My passion cannot be contained to one area.  I have an excess of passion.  I’ve just been waiting for the right outlet.  The blog may not be read by anyone, but least I know now what it’s going to be used for.  Pash away.


The Beginning.

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The Beginning. 

I tripped over my heels and fell into writing by accident.  Picture the scene…

In a curry house somewhere off Brick Lane, London, a group of people sit at a table devouring poppadoms.  They’re your average motley crew of friends of friends who don’t want to go home when the pub closes.

Me (swaying slightly due to excess wine):  I’m Angela.

Editor:  Can you pass the Mango Chutney?

Me: What do you do?

Editor:  I’m the editor of [insert name of a paper based in a financial district of London].

Me:  I read that!  I loved the stuff you did on the Flaming Ferraris.  BUT you don’t have any women on your paper.  Or at least not any visible ones.  This is the naughties, women are a huge force in the financial sector.  YOU NEED MORE WOMEN.  (Repeat, drunkenly, ad infinitum.)

The next morning, while looking in her handbag for paracetamol, Angela finds the editor’s business card.  On the back it reads: 350 words by Monday.*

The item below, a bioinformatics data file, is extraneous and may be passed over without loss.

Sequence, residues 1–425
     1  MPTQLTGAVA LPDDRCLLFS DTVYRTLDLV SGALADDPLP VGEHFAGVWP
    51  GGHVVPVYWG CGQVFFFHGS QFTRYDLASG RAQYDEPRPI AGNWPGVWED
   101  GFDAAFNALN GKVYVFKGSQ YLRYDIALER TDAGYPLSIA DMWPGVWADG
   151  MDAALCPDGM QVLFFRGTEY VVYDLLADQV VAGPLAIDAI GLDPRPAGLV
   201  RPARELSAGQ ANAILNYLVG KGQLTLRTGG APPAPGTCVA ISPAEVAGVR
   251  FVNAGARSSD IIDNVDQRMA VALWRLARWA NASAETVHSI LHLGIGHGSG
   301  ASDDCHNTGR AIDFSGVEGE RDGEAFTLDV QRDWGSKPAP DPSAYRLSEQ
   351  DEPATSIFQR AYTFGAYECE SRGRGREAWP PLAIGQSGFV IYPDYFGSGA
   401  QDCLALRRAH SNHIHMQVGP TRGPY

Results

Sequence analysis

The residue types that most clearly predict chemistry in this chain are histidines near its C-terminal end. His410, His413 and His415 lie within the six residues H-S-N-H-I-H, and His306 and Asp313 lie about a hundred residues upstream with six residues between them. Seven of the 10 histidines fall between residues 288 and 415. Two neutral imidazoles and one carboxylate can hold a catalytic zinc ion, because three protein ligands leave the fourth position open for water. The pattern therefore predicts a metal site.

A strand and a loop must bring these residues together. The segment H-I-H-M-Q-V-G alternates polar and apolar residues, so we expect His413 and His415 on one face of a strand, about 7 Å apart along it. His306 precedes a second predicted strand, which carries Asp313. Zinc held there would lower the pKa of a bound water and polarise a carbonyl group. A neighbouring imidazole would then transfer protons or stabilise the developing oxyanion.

And that’s how I landed my first column.  

*Some dramatic licence and less alcohol were used in the re-telling of these events.  To be honest it’s all a bit fuzzy.

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Terms and Conditions for On My Life readers club proof competition 2018:

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Terms and Conditions for On My Life readers club proof competition 2018:

Terms & Conditions:

  1. This is a competition to win an advance proof copy of On My Lifeby Angela Clarke. To enter, entrants need to be a member of Angela Clarke’s Readers Club before 11:59 pm GMT on Thursday 30th November 2018.


  1. There will be five winners in total. The winners will be selected at random from the correct entries received in accordance with these terms and conditions by Angela Clarke, whose decision will be final and no correspondence will be entered into.
  2. There is no purchase necessary to enter.
  3. The competition opens at 7:30am GMT on 31stOctober 2018 and closes at 11:59 pm GMT on 30th November 2018. Any entries received outside these specified times and dates will not be eligible for entry into the competition.